(Yes, this is the same story also recently explored in Robert Greene's documentary "Kate Plays Christine." The two films would make for a thrilling double-bill, the only question would be the best order in which to play them.)
In his review for The Times, Justin Chang called Hall's performance "brilliant" and highlighted the film's internal dynamics by adding, "A film of tough, roiling emotions and teasing insights into the gender dynamics and corporate media strategies of the '70s, the movie shrewdly embodies the very tensions that Chubbuck finds herself wrestling with — caught between her desire to do respectable, socially relevant work and her newsroom's 'if it bleeds, it leads' philosophy."
At Time, Stephanie Zacharek noted of Hall: "It's tempting for a performer who's playing an alienated, isolated person to just put up a wall of inscrutability. But Hall's Christine draws us closer rather than pushing us away — this performance is a quiet, multidimensional marvel."
At the New Republic, Miriam Bale wrote about both Christine Chubbuck films, noting of Hall's performance in "Christine" that "It's an endearing and haunting performance, one that subtly conveys a woman who's become disconnected from herself and those around her, while trying hard to assert herself. It's sad and scary, and feels very real."
I'll be publishing a story of my own soon on Campos, Hall, writer Craig Shilowich and the film. As Hall said to me, "There are many ways to tell this story, this is the version that I think is a film about sensationalism that isn't sensationalistic … her story is fascinating on so many levels because it doesn't elicit a simple response."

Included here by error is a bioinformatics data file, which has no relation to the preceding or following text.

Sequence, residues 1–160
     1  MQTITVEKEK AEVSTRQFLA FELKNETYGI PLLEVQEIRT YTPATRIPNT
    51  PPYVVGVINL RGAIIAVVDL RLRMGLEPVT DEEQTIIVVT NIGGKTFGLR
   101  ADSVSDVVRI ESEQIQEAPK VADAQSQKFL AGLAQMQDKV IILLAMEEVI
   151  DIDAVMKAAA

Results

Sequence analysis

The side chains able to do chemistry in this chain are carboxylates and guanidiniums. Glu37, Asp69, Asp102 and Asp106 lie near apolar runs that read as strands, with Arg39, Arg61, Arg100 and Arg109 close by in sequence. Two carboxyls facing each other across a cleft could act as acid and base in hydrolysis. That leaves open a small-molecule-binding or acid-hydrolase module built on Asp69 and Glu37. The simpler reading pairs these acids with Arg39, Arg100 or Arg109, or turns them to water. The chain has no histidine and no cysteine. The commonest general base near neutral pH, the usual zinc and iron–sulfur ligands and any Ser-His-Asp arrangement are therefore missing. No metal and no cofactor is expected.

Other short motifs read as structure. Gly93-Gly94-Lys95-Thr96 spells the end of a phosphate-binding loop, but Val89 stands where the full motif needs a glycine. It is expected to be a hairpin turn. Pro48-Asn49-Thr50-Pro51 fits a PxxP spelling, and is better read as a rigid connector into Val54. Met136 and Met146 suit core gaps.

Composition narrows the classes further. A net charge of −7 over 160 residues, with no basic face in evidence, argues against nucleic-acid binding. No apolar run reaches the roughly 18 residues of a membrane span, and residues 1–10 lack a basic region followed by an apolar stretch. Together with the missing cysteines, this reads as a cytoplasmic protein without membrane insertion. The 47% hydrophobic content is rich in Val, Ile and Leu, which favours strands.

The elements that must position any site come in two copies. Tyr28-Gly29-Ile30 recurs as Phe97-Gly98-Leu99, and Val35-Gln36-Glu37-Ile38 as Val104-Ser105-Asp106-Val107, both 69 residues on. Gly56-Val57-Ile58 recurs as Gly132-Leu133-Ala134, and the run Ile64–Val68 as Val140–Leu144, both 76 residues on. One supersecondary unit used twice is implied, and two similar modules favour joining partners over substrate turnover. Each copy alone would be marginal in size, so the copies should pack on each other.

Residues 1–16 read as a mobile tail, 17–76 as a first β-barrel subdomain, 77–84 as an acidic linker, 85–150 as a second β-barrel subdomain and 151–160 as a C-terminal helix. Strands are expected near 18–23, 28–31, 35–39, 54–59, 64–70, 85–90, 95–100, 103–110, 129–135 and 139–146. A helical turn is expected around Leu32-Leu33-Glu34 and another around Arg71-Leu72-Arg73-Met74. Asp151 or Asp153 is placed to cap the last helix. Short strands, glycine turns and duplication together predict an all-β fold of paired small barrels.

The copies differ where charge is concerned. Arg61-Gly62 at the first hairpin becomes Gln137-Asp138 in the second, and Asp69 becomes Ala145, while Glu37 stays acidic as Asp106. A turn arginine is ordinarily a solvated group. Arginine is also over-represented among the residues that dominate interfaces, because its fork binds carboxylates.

'In a Valley of Violence'
Ti West has long been one of the most inventive filmmakers working within the space of low-budget horror movies, playing with the rules of genre in films such as "The House of the Devil" and "The Sacrament." Now he takes on the classic revenge western with "In a Valley of Violence." Yes, the film features fine performance from the likes of Ethan Hawke, John Travolta and Taissa Farmiga, but most likely you will leave the movie talking about Jumpy the Dog. (Honest.)
In his review for The Times, Michael Rechtshaffen likewise singled out Jumpy, calling his "one of the year's more affecting canine performances."
At his Movable Fest site, Stephen Saito interviewed West, who said of Jumpy "It was easy in every step of the way working with Jumpy and because of that, it made me go, 'I know Jumpy can put his paw over his face, so I'm going to write a scene where that happens. I know Jumpy can wrap himself up in a blanket, so I'm going to write a scene where that happens.' So after I cast Jumpy, I did a pass on the script giving Jumpy more character."